Discussion

NPC-based regenerative therapies for SCI are aimed at stimulating NPC axons to grow into the host spinal cord tissue past the site of injury, thereby forming functional synaptic connections with the host neurons. Myelin—a multi-lamellar plasma membrane extension formed from oligodendrocytes that spirally wrap around the axon is a biologically-active substrate that supports axonal growth [14]. Groundbreaking work by Poplawski et al. has revealed that myelin augments neurite outgrowth from NPCs [8]. Here, we conducted an in silico bioinformatics analysis to identify key gene(s) that may participate in myelin-associated axonal regeneration from murine NPCs, which identified the serine protease Mbp. We also present in vitro and in vivo evidence that supports axonal regeneration from mammalian NPCs through the novel Mbp/L1cam/Pparγ signaling pathway.

In this study, Mbp was identified through bioinformatics analysis of published RNA-seq data (GEO accession no. GSE98974 [8]); follow-up validation through Mbp-knockout/Mbp-overexpression studies revealed that Mbp mediates myelin-induced neurite outgrowth from NPCs in vitro and axonal regeneration in a murine model of SCI. Mbp—a positively-charged, disordered polypeptide is a key structural component of myelin that resides between the negatively-charged, cytoplasmic leaflets of the myelin membrane [14]. Mbp’s interaction with these cytoplasmic leaflets triggers Mbp’s polymeric self-assembly, thereby expelling cytoplasm from the myelin sheath’s interior and promoting healthy membrane compaction [14]. In addition to this structural function, the 21.5-kDa isoform of Mbp associates with the C-terminus of dynamin I to create a catalytically-active serine protease [15]. On the cell surface, this catalytically-active Mbp isoform cleaves the parental L1cam glycoprotein L1-200 at the arginine 687 residue (within the first FNIII domain of L1cam) to generate L1-70 (a transmembrane C-terminal fragment) and L1-135 [15] (an extracellular N-terminal fragment). Here, we found that Mbp’s stimulatory effects on neurite outgrowth in NPCs are mediated by Mbp’s production of L1-70. Indeed, several lines of published research support that Mbp-generated L1-70 promotes neuritogenesis and axonal regeneration. In vitro, Mbp-generated L1-70 promotes neurite outgrowth in cerebellar neurons, which is abrogated by Mbp knockdown, blockade with an anti-Mbp antibody, or delivery of a L1cam peptide with a competitive Mbp cleavage site [10]. In mice, Mbp knockout or targeted mutagenesis of Mbp’s proteolytically-active site eliminates L1-70 generation [10], while applying Mbp onto injured spinal cord tissue or viral-mediated Mbp overexpression in injured spinal cord tissue promotes L1-70 expression, re-myelination, and functional recovery post-SCI, while blockade with an anti-Mbp antibody or viral-mediated overexpression of proteolytically-inactive Mbp produces the opposite effects [16]. Moreover, the small-molecule L1cam mimic phenelzine upregulates spinal cord L1cam, improves hind limb functioning, and stimulates axonal regeneration at four and 5 weeks post-SCI in mice [17]. Furthermore, viral-mediated L1cam overexpression in a spinal cord transection (SCT) rat model reveals that post-SCI generation of diffusible L1cam fragments improves neurite outgrowth and myelination [18].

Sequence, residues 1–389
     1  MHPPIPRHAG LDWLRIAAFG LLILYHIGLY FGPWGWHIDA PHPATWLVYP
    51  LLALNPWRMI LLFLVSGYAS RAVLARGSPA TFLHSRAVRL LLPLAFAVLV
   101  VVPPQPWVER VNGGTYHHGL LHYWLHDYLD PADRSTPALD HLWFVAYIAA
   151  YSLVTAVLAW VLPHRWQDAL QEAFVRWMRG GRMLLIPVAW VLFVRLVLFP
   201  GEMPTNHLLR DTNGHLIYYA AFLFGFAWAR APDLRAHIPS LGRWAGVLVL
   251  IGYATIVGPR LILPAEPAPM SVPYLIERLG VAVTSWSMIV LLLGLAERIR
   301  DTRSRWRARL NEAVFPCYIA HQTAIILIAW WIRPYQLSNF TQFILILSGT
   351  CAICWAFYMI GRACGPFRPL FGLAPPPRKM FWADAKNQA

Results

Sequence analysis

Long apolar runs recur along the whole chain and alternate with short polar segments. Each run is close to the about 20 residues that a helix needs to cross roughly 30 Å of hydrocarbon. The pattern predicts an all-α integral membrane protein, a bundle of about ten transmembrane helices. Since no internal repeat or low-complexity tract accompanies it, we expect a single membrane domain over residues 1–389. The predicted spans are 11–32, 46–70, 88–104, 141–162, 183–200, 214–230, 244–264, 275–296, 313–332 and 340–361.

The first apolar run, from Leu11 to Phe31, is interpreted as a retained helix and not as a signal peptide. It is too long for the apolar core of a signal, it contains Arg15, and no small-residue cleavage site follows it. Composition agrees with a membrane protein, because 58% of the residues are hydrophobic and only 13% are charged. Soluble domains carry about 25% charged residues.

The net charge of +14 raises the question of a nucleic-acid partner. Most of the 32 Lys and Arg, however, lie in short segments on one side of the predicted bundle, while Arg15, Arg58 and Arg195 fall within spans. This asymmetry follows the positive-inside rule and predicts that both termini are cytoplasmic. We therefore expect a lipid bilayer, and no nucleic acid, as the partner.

Delving further into Mbp/L1-70’s mechanism of action, we found that Mbp/L1-70’s stimulatory effects on neurite outgrowth in NPCs are mediated by PPARγ activity. Previous research has shown that L1-70 is imported into the nucleus, wherein its nuclear receptor co-activator motif LXXLL (L1136LILL) mediates its binding to various nuclear receptors, including PPARγ, estrogen receptor (ER) α and β, and retinoid X receptor β (RXRβ) [11]. In utero mutations in this LXXLL motif within murine embryos impairs cerebellar synaptic connectivity, motor coordination, and cognition in adulthood [11], suggesting that L1-70’s interaction with these nuclear receptors regulates neural plasticity pathways. Indeed, we found that the Mbp/L1-70 axis inhibits PPARγ-mediated repression of neuron differentiation-associated gene expression and promotes neuritogenic Erk1/2 activation in NPCs.

There are several limitations to this study. First, although Mbp knockout produced profound neurite growth reductions in NPCs cultured on myelin, it is reasonable to assume that there may be other myelin-associated proteins that significantly impact neurite outgrowth. Second, we focused on Mbp/L1-70’s stimulatory effects on PPARγ activity as a key regulator of neurite outgrowth from NPCs. It is possible that other downstream target(s) of the Mbp/L1-70 axis may have an impact on neurite outgrowth from NPCs. As a more complete profile of the molecular players involved in myelin-mediated NPC axonal regeneration would greatly aid therapeutic development for SCI, these issues require further evaluation.